Are you sad? Happy? Frustrated? Soon, computer software will be able to tell just by scanning your face.
Scientists at MIT’s Media Lab created software capable of accurately interpreting human emotions using facial recognition technology.
The “Mind Reader” software scans crowds as well as people, so politicians giving speeches or musicians playing concerts could gauge the reactions of their audiences and adjust accordingly. Experts say the software may replace opinion polls, which are conducted primarily over phone.
The scientists working on the project are developing a commercial version, called Affectiva, designed to offer advertisers information about consumer responses to their ads.
This technology has the potential to help people, but also carries troubling implications and possibilities.
It could prove enormously helpful for people on the autism spectrum by helping them recognize social cues and emotionally read the people around them. It could also help teachers understand how well their lesson plans work with children by identifying those who are not paying attention so they can adjust lesson plans.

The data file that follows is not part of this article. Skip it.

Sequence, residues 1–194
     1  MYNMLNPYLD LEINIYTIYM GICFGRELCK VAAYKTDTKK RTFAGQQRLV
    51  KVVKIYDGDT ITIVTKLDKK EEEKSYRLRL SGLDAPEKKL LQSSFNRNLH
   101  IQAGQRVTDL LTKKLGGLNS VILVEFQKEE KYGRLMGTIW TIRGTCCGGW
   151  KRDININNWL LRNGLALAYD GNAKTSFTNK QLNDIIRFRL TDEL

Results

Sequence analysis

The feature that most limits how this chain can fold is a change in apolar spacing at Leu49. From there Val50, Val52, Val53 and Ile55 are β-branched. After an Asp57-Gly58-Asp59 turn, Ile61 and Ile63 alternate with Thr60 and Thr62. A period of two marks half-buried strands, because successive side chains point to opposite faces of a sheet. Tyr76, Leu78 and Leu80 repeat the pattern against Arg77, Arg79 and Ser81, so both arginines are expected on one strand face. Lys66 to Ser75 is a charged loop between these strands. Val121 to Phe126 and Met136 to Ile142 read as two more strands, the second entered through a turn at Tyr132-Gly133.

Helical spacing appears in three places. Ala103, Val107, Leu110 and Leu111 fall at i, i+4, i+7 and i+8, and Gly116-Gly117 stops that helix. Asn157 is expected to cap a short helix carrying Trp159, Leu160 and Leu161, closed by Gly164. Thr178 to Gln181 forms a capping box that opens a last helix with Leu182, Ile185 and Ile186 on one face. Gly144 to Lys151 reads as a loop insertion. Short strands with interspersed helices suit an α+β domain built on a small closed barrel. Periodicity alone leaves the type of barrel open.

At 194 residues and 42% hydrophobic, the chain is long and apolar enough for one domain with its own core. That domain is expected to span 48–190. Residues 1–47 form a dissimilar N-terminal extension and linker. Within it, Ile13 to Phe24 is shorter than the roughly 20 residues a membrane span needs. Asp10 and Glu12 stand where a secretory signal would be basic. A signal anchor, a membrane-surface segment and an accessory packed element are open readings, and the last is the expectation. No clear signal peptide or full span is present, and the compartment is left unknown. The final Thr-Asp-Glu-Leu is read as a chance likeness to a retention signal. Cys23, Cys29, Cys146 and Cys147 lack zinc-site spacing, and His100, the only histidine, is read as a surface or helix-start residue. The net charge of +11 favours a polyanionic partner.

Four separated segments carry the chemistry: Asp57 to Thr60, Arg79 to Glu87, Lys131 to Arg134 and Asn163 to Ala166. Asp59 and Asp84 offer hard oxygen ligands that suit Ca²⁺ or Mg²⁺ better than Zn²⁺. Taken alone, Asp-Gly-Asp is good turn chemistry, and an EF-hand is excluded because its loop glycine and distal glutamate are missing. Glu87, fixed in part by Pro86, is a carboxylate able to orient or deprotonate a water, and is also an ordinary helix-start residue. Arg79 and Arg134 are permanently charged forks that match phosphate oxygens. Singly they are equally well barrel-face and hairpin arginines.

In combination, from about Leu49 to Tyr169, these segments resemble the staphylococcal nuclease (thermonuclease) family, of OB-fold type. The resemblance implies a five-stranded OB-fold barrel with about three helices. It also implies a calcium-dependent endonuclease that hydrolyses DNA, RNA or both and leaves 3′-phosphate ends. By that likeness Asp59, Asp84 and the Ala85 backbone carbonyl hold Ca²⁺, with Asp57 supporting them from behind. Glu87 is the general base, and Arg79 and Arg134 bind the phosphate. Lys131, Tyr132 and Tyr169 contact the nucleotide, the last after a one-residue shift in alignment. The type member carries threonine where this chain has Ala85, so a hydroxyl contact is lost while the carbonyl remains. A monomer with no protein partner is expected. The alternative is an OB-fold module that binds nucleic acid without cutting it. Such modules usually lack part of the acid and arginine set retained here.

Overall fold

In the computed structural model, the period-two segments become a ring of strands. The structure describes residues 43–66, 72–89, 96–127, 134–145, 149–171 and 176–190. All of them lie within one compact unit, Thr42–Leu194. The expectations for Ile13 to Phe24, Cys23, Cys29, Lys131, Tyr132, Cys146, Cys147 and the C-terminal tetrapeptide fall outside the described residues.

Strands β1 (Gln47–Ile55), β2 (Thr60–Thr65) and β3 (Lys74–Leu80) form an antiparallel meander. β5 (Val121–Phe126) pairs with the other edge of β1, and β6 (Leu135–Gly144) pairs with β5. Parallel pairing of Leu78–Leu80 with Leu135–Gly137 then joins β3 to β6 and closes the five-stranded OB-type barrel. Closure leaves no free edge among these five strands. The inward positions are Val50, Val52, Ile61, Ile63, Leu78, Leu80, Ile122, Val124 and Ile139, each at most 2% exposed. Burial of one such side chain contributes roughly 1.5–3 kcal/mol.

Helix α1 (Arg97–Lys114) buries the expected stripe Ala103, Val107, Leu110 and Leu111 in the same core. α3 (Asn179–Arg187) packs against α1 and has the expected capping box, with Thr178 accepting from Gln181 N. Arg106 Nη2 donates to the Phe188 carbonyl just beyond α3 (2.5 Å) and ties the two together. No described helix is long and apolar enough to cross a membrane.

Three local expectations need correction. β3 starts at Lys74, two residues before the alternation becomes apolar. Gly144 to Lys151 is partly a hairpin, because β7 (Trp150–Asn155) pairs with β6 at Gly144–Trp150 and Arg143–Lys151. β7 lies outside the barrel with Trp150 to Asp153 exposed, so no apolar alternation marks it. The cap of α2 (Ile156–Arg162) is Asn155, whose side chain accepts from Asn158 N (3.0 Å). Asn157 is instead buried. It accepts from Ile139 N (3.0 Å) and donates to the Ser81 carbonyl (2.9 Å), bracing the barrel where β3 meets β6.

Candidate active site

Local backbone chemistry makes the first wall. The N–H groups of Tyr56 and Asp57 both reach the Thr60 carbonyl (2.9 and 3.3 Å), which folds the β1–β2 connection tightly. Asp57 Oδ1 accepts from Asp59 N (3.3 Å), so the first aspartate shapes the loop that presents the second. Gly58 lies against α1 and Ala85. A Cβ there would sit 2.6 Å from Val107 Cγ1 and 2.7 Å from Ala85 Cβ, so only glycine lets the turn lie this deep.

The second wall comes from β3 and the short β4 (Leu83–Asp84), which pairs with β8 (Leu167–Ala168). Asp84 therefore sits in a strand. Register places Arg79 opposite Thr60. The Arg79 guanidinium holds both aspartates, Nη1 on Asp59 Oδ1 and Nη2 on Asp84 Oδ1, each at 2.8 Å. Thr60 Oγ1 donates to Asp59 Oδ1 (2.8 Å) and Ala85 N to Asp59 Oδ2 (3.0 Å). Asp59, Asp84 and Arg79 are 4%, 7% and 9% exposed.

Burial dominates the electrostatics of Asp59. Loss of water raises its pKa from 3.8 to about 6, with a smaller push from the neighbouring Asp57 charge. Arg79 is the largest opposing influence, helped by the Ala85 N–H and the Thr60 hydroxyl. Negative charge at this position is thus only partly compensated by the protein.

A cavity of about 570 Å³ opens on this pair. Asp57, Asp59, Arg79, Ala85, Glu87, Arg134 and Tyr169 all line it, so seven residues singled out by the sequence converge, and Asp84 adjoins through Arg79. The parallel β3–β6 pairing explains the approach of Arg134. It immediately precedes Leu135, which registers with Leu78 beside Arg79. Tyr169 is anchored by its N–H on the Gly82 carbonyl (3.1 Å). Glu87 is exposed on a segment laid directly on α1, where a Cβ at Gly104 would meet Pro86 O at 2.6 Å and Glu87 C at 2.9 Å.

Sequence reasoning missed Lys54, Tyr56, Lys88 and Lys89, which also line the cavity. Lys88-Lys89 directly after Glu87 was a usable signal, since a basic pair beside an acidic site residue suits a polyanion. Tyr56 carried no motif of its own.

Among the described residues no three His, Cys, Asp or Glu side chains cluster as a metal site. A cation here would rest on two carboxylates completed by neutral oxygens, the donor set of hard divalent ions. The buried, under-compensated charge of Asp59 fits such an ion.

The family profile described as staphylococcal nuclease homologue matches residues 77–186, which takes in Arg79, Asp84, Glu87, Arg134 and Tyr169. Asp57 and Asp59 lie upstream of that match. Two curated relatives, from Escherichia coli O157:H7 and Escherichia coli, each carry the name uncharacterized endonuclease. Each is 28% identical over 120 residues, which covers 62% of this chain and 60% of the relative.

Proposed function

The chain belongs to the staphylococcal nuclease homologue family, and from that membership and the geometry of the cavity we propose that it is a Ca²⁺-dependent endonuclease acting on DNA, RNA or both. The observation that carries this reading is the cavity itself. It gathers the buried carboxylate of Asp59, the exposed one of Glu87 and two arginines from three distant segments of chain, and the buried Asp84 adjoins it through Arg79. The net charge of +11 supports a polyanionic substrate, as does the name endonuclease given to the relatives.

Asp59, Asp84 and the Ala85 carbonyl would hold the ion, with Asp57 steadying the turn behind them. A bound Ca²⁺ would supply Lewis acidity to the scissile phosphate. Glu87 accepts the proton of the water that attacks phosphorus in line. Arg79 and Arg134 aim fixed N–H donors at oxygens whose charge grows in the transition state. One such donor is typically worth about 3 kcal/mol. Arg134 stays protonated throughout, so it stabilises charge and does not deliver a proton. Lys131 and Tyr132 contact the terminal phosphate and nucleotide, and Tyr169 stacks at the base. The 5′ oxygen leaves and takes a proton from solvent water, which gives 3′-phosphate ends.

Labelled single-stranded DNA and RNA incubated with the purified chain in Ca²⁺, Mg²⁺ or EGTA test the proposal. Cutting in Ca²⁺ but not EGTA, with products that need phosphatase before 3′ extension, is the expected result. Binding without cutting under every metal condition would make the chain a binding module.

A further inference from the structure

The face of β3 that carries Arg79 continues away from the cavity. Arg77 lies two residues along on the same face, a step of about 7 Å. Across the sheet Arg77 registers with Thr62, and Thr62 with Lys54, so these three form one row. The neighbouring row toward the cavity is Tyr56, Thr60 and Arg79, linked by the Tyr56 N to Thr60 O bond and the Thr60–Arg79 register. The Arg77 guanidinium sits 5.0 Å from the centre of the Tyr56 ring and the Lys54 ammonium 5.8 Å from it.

The software could also aid militaries and intelligence agencies in discerning the intentions of their potential adversaries.
At the same time, this sort of technology could also wreak havoc in places with dictatorships or oppressive governments. Who knows what Kim Jong Un, for example, would do if he gets hold of the software and can read the desperation on some North Korean faces?
Authoritarian regimes all over the world already use technologies to monitor their populations, according to the Electronic Frontier Foundation’s director Jillian York. These include scanning crowd photos with facial recognition tools, which can have deadly consequences for dissidents and activists present at demonstrations.
And although it isn’t nearly as life threatening as riling an insecure despot, the Affectiva software could also give advertisers valuable feedback, inspiring them to create ads targeting the most easily manipulated people.
Unlike innovations like iBrain, which tries to interpret brainwaves to read the minds of people unable to communicate, Affectiva’s focus seems to be for advertisers, not the people it is scanning.
The technology could prove helpful in certain applications, but the fact that the team behind it is already bent on licensing it for commercial use suggests it cares more about how the technology is monetized than whether its potential for harm outweighs its potential for good.